Republican Louisiana attorney general Jeff Landry and a slim majority of the Louisiana Supreme Court teamed up to kill a pro-LGBT executive order from Democratic governor John Bel Edwards (pictured).
Bel Edwards issued an executive order in 2016 that banned anti-LGBT discrimination among state employees and contractors. Homophobe Landry instantly took action, suing to stop the order. A lower court ruled for Landry, saying the governor overstepped his authority in issuing the directive. The case was appealed to the state's high court, which decided this week in a 4-3 ruling to not take the case, upholding the lower court's conclusion.
"Hopefully, this will end the Governor's waste of precious taxpayer resources in defense of his unconstitutional actions," Landry said in a written statement on Friday, as reported by the New Orleans Times-Picayune.
Bel Edwards expressed disappointment,saying in a statement, "I, for one, do not think discrimination of any kind has a place in our society, much less the workplace. Unfortunately, this puts us on the wrong side of history."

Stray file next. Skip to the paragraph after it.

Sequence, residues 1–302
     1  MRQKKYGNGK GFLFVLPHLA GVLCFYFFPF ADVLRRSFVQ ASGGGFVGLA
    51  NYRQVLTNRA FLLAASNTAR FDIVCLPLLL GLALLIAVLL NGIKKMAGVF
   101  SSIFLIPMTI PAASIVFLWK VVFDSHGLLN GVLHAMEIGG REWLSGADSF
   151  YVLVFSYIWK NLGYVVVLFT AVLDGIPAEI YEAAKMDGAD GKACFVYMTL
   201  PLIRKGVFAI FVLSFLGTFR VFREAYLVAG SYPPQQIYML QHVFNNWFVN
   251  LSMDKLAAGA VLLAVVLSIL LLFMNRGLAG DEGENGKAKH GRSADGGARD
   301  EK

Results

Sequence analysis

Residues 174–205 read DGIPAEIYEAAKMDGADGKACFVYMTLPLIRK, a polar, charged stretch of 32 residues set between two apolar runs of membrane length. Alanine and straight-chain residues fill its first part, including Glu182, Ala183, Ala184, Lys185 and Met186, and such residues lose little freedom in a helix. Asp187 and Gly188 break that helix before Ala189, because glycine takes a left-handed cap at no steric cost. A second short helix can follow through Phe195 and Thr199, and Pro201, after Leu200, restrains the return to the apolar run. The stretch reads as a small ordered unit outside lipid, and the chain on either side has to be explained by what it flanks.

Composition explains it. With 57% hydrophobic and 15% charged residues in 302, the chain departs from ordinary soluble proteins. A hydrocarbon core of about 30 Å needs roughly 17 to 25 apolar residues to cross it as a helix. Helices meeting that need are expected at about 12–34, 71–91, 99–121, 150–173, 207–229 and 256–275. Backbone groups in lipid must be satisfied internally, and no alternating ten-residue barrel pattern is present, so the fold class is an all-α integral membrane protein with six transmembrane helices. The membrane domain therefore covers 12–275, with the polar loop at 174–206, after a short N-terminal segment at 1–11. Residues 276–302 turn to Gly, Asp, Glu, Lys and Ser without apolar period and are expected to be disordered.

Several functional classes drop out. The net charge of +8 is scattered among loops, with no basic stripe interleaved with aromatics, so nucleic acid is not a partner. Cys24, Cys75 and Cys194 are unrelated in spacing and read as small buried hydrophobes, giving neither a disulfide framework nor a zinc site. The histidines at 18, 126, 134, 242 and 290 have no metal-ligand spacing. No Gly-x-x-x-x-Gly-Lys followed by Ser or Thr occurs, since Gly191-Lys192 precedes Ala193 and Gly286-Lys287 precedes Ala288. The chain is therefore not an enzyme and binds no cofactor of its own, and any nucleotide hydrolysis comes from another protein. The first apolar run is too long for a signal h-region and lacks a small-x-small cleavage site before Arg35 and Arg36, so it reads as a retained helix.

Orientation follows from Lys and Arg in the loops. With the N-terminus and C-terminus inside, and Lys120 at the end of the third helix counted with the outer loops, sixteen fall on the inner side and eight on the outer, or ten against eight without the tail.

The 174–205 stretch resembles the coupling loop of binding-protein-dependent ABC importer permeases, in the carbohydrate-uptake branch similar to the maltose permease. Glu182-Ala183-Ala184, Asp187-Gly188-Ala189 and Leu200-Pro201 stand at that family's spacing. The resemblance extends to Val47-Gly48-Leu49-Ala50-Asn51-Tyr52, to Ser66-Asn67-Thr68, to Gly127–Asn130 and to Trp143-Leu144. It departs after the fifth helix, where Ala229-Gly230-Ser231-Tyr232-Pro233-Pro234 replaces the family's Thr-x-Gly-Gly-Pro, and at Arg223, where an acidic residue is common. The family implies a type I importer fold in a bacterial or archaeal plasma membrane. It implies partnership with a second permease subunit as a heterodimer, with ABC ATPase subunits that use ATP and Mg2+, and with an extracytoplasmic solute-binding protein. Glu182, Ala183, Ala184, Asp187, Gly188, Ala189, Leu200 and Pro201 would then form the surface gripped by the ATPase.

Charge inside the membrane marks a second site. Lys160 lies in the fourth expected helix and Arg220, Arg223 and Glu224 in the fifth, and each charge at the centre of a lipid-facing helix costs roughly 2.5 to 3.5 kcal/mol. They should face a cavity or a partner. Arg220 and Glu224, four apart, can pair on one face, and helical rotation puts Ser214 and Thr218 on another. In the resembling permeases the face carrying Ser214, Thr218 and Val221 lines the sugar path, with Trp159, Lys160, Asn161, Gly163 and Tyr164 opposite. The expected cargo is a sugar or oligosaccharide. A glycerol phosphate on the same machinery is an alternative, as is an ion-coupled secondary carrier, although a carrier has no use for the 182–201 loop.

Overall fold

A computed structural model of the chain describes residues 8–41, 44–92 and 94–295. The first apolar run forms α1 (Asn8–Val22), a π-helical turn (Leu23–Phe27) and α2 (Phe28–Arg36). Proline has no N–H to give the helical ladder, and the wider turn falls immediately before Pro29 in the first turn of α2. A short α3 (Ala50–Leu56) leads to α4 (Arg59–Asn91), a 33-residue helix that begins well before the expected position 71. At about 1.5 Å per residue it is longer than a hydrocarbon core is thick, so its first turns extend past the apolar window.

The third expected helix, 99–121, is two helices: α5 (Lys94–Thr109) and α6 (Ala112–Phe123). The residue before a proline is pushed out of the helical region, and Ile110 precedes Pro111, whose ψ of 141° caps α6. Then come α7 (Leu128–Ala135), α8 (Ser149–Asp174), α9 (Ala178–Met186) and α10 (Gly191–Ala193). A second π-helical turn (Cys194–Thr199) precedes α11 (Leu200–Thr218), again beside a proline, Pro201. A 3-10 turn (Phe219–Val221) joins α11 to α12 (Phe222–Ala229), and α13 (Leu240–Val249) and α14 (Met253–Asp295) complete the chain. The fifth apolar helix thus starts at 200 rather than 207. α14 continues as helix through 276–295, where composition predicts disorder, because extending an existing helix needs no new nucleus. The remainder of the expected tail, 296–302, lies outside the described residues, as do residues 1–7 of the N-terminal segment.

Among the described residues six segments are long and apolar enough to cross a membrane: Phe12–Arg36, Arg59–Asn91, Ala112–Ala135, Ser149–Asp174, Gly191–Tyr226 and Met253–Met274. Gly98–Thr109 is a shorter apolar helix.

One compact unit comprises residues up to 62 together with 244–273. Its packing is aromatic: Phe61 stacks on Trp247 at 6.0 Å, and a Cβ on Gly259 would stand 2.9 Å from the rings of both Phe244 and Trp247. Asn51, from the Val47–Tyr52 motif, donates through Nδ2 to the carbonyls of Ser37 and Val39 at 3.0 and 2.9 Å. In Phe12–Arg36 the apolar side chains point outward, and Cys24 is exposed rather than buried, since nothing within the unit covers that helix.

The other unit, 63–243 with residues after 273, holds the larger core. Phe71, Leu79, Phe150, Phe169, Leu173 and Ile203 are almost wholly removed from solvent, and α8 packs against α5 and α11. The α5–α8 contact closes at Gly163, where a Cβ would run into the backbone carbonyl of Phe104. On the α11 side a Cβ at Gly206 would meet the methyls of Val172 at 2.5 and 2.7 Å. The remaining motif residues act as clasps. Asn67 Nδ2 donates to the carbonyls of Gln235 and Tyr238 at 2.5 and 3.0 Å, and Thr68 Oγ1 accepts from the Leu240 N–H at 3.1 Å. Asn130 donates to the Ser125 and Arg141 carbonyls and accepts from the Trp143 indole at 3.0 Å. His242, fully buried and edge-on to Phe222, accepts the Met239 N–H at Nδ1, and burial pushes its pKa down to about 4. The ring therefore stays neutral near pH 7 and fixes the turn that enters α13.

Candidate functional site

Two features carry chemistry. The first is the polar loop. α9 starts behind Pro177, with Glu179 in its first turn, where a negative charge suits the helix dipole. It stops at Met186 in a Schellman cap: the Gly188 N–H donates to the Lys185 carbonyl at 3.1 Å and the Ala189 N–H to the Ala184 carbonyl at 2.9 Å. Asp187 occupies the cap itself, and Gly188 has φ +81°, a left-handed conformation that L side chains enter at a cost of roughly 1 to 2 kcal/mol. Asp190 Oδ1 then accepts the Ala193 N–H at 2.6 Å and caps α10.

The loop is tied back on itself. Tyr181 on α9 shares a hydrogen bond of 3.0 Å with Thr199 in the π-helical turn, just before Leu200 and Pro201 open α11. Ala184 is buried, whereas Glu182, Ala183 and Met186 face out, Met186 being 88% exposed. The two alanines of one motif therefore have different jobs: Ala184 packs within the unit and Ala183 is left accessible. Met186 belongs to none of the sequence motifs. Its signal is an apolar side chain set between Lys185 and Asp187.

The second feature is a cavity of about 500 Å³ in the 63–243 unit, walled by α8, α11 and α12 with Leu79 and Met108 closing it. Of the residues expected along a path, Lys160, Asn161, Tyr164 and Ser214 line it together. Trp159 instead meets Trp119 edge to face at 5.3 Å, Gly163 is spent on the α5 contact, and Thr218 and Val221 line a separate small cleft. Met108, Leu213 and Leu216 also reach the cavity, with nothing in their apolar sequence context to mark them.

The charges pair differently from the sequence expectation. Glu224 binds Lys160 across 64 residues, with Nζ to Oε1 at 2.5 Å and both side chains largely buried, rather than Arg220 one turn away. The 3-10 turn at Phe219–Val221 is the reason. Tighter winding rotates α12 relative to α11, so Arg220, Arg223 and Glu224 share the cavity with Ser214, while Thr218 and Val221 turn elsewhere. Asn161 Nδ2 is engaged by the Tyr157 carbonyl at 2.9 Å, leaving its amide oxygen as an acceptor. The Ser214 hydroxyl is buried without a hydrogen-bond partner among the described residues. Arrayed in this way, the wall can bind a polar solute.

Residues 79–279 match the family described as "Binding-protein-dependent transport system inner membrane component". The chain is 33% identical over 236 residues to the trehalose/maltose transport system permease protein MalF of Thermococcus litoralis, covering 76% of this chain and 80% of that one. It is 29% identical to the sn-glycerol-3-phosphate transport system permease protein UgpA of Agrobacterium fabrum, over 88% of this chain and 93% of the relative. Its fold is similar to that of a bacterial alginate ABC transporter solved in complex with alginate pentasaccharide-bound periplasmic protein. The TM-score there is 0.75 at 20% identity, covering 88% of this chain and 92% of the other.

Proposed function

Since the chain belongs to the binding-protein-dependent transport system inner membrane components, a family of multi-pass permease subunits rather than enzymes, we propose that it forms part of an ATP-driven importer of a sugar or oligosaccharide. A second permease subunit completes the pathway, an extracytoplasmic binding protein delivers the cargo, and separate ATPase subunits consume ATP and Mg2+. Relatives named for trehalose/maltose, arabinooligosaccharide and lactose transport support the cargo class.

Bel Edwards and Landry have a combative relationship, with the latter resisting any efforts to make Louisiana more progressive, especially when it comes to reproductive and LGBT rights. After Bel Edwards signed the LGBT order, Landry refused to approve dozens of legal contracts because they contained verbiage banning anti-LGBT discrimination.
Some members of the high court that sided with the governor sympathized not only with LGBT state employees, but also saw the potential case as clarifying the legality of executive orders when a governor and attorney general have diametrically opposing views.